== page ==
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The Globe and Mail

Why Harper's New Year's message connects with Canadians

Prime Minister Stephen Harper speaks to reporters at the NATO Summit in Lisbon on Nov. 20, 2010.


Perusing my morning read in The Globe, I see that "Prime Minister Stephen Harper toasted Canada's solid successes in 2010 in an undramatic New Year's message that contrasted sharply to those of global leaders who face continuing economic or political crises.

"Despite a massive federal deficit, Mr. Harper offered no call to Canadians for common sacrifice, as British Prime Minister David Cameron did. Despite a sluggish economy, he felt no need to reach back to the achievements of previous generations to urge Canadians to renew their country's greatness, as U.S. President Barack Obama did," The Globe wrote.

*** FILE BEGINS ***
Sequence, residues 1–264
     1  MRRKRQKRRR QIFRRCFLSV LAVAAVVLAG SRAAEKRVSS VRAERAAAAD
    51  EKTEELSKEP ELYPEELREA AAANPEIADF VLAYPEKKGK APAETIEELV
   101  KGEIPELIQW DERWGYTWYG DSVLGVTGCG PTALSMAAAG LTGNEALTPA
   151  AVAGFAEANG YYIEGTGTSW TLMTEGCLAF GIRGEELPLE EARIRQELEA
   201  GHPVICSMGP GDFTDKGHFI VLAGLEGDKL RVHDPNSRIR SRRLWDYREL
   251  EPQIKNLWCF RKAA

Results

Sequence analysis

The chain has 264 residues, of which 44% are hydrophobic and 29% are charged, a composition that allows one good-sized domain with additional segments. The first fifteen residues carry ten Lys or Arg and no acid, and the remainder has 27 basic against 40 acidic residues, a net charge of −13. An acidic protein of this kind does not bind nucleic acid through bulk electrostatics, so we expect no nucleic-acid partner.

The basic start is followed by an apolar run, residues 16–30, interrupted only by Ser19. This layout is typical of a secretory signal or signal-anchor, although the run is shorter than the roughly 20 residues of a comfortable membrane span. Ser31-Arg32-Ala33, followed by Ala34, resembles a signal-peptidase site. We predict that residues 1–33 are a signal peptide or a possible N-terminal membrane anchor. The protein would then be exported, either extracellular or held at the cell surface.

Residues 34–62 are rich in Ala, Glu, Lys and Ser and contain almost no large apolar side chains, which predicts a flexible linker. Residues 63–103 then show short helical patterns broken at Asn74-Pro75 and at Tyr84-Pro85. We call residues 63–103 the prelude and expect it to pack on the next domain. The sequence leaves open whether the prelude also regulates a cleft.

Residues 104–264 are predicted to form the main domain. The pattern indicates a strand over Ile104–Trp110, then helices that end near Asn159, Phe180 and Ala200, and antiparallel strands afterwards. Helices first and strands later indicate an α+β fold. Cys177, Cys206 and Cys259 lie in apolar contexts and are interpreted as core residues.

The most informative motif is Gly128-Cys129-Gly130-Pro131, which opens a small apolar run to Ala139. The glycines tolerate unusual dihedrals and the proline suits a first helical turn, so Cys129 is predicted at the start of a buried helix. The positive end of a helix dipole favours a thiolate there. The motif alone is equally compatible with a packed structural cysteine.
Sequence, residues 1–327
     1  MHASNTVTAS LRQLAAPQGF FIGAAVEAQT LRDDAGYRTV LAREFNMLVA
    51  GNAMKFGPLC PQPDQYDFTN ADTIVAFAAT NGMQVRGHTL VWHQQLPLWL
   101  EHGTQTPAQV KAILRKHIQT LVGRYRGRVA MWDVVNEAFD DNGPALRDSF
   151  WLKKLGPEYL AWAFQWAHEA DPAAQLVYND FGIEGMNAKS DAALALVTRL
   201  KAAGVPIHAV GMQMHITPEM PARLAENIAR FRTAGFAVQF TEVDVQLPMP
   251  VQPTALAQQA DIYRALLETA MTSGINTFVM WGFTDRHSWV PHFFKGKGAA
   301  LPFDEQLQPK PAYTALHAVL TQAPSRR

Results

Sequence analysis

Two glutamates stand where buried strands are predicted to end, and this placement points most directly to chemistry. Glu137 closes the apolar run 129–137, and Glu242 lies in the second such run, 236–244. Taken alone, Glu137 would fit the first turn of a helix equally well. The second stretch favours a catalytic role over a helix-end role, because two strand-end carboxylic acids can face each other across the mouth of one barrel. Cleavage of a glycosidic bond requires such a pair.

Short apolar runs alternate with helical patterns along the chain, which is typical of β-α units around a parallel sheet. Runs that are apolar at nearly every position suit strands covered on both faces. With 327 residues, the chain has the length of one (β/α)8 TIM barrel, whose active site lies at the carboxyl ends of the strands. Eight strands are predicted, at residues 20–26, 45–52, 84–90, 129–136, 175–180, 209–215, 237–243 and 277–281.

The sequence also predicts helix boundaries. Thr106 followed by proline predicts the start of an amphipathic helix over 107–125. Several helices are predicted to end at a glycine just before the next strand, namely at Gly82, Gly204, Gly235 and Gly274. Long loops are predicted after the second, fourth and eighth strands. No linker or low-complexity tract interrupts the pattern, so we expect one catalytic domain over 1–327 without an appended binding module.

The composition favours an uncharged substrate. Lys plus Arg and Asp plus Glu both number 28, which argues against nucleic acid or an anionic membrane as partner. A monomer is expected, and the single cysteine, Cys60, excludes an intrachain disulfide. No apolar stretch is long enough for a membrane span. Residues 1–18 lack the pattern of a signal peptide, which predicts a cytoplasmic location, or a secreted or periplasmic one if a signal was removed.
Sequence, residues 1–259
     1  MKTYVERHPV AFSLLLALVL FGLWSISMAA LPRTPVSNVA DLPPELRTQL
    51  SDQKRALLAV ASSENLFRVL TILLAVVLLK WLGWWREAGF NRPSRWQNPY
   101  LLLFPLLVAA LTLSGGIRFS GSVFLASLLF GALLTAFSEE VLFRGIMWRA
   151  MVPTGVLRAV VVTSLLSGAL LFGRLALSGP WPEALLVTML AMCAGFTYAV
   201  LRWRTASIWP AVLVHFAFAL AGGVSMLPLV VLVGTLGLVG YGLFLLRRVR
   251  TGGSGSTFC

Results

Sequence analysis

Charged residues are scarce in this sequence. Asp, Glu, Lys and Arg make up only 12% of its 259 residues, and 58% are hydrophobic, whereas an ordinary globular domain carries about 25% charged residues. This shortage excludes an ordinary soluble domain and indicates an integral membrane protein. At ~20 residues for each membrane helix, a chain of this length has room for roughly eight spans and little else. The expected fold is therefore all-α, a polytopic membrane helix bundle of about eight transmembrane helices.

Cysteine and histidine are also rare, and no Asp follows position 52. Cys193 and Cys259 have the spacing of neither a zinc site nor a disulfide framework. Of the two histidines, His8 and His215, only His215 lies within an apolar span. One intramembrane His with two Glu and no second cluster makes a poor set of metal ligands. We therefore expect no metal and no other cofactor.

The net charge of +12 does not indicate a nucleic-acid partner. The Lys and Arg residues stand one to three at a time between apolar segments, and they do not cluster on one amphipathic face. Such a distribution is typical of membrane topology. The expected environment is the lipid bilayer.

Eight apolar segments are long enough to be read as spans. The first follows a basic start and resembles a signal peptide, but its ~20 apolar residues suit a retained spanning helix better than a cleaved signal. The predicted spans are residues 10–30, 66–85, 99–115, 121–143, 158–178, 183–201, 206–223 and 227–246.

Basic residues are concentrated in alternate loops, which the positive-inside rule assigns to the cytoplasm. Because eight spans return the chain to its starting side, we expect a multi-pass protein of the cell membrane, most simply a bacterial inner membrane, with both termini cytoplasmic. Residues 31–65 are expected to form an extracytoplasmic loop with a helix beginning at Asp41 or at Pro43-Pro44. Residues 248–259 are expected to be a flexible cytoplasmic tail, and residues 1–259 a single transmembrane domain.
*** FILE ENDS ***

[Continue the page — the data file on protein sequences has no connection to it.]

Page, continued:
Perhaps - be it by dint of his intuition or thanks to the Conservatives' polling - Mr. Harper simply understands the mood of Canadians at this time. As Prime Minister David Cameron and President Barack Obama understand their respective peoples.

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According to an Ipsos survey of 24 industrialized countries, the Independent reports today that Britons are among the most pessimistic in the world on whether their personal finances will improve.

Canadians, on the other hand, are up toward the top of the countries with whom we normally compare ourselves.

As to reminding Canadians of the achievements of previous generations, as The Globe and Mail reminded us with its relaunch in October, now is Canada's Time to Lead.

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